1. 1. Empowering Language Minorities through Technology: Which Way to Go? Dr. Melinda Dooly Faculty of Education, Universitat Autònoma de Barcelona Summary The term ‘Information Age’ has been applied to the current era we now live in, based on the fact that technology and Internet are continuously changing the way people work, learn, spend their leisure time and interact with one another. At the same time, access to this means of interaction is not always equal –whether due to lack of experience, knowledge or economic access. The rate of these changes –and a feeling of uncertain consequences- can create a sense of uncontrollably rapid social changes and possible social fragmentation. In the face of this, education stakeholders must seriously consider how schooling can confront these challenges. This article will first give a brief overview of how the notion of social cohesion has been used in social and educational policies, focusing especially on two central points that emerge: social equality and education as a nexus for social cohesion. Next, the text looks at how education can undertake the challenge of eliminating social inequality and promoting social cohesion, followed by an analysis of one potentially disadvantaged group: speakers of minority languages. Perceptions of minority language groups in the EU are discussed and a general outline of potential educational disadvantages and social exclusion they may face is broached. Next, ways in which Technologically Enhanced Learning (TEL) can be applied in order to rectify these possible risks are advanced. This section includes an interrogation of the ‘digital divide’ and what it can mean for minority language groups; and the importance of using technologies to bring ‘mainstream’ public awareness to the issues associated with minority language education (including the promotion of the many benefits of multilingual practices for society). Some examples of TEL practices which have been undertaken to ameliorate educational inquality with minority language groups are provided. Finally, the article considers the role of TEL in teaching practices, teacher education and continued resources for teacher development. Keywords: Keywords social cohesion, accessibility, multilinguism, linguistic minorities, technology enhanced learning, teaching practices Introduction Discourse centred on the notion of social cohesion is, at times, rather vague as to what the term actually means. According to Jenson (2002), ‘social cohesion’ is rarely defined explicitly in policies; instead the term is often invoked as a policy reaction, used to describe general feelings of unease in front of massive rapid social changes. Chan et al. (2005) posit that, despite its growing currency in public discourse, the term still lacks a clear definition and that its use often creates confusion between policy content and causes or effects of social cohesion. Social cohesion has been defined quite differently throughout history; often according to the focus taken when it is defined. Social cohesion can be seen from an individual level –involving factors which contribute to making persons perceive themselves as members of a specific community. This micro-level approach was the principle focus of sociologists in the 1960’s and 70’s. However, nowadays, most policies tend to be more focused on the ‘macro-level’ of social eLearning Papers • • 1 Nº 19 • April 2010 • ISSN 1887-1542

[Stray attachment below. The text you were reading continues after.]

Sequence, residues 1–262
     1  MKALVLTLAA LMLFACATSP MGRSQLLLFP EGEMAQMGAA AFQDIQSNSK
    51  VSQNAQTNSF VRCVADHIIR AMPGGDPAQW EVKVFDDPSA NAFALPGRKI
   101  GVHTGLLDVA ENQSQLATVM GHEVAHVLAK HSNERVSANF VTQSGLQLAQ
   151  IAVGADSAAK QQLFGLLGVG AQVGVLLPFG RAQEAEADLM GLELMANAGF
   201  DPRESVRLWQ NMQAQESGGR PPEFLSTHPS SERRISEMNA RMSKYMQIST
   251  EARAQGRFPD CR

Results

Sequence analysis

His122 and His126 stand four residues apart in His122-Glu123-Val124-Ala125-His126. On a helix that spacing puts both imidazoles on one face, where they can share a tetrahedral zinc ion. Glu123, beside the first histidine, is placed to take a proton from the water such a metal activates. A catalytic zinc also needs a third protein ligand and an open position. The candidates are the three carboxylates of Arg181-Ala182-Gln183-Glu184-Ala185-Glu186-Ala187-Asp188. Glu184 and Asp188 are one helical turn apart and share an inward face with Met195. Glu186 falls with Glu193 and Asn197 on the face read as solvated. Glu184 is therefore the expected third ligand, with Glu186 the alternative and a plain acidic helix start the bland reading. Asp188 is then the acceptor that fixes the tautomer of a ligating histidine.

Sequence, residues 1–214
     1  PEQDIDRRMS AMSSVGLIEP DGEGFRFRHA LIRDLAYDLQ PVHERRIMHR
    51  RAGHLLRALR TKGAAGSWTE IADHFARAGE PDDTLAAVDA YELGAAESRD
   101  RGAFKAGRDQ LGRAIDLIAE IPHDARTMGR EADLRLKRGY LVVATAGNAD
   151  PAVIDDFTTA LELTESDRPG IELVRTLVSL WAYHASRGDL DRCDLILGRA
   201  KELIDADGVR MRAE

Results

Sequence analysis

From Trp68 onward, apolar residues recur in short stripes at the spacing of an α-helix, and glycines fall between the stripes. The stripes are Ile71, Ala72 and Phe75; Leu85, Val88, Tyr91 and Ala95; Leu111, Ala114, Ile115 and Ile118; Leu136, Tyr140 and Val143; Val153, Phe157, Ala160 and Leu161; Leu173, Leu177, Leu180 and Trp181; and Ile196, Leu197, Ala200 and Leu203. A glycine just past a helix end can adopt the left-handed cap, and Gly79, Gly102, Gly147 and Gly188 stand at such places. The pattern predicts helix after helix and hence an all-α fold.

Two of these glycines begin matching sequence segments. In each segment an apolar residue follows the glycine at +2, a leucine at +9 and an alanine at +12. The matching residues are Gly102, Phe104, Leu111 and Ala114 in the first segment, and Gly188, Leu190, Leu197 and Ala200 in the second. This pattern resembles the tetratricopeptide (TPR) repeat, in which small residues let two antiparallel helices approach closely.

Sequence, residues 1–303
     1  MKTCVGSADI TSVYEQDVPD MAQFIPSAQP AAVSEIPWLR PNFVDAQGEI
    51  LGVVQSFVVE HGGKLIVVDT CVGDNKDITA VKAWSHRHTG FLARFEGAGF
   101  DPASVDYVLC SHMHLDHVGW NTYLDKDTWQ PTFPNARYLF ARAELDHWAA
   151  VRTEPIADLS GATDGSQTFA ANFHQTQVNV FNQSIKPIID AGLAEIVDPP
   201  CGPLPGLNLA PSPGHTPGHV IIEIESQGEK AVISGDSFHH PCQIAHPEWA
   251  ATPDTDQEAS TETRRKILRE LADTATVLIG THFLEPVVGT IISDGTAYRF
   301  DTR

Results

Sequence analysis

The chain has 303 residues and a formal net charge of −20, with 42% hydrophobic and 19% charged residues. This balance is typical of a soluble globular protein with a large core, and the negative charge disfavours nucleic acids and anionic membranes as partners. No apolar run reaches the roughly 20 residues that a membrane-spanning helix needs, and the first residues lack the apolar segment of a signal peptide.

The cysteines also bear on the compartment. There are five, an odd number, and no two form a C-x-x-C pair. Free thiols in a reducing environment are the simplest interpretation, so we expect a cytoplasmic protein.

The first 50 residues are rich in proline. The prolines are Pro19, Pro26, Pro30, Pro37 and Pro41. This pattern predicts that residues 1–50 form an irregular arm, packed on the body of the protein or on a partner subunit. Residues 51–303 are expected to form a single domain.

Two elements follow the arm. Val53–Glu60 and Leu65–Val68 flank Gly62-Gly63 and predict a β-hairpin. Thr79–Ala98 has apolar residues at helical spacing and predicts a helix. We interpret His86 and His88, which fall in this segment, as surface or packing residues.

2. 2. cohesion. On an even more ‘macro-level’, Burke & Shields (1999) suggest that the era of globalization requires new measuring factors: exclusion from labour market, wage polarization, employment vulnerability. Nonetheless, according to Dragojevic (2001), historically, the concept of social cohesion has usually surfaced at times when people are disquieted by apparent effects of rapid social change. (Indeed, lack of social cohesion has been deplored in literature as far back as Milton’s Paradise Lost.) One main point does emerge from most policies on social cohesion: equal opportunities and shared responsibilities. Jeannotte (2000) provides a working definition: Social cohesion is the ongoing process of developing a community of shared values, shared challenges and equal opportunities [...] based on a sense of trust, hope and reciprocity (p. 5). The Council of Europe, in their 2001 document on social cohesion describes it as a process as well. A strategy of social cohesion refers to any kind of action which ensures that every citizen, every individual, can have within their community the opportunity to access, to meeting their basic needs, to progress, to rights and protection and to dignity and self- confidence. (CoE, 2001: 5) Another point that is alluded to quite frequently is the importance education may have to achieving social equality and cohesion. Arguably, the role of education can be critical to equalising life chances. There is a need for educational policies that aim to narrow achievement gaps associated with identified disadvantages and discrimination and that attempt to make learning more inclusive and engaging. Educational policies and practices have the possibility of either reproducing social structures, or of changing them. If a society has substantial and persistent inequalities – whether of the distribution of wealth or of recognition of rights or of access to social provision, or of recognition of culture or language – then it is possible, indeed probable, that educational practice will replicate these inequalities. (Ross, 2009:3) It can be argued, however, that a focus on the equality of educational outcomes for disadvantaged groups, rather than equality of educational opportunity, holds more promise as a starting point. If a group within the population are achieving a less favourable distribution of educational outcomes it is reasonable to make an initial presumption that there have been inequalities in social and educational policies, whether ‘equal opportunities’ have been provided or not. This implies that, at times, it may be necessary to provide ‘unequal’ opportunities (e.g. more resources) to ensure equality. Although it stands to reason that all of disadvantaged groups could, and should, benefit from the application of new technologies to enhance educational equality and social cohesion, given the amount of recent interest in new technologies and language learning, one particular group emerges as potentially being in a position to especially benefit from novel research and practices that integrate technology and learning: linguistic minorities. This research orientation has evolved over recent years in connection with the development of language technology. The next step is to incorporate culturally, politically and linguistically sensitive issues into this research field. (Franceschini, 2009: 49) Nonetheless, before looking at ways in which Technologically Enhanced Learning (TEL) can be applied to language minority students’ fight against social exclusion, it is important to first establish what groups are understood as language minorities in this article and what potential educational disadvantages they face. Perceptions of minority languages in the EU eLearning Papers • • 2 Nº 19 • April 2010 • ISSN 1887-1542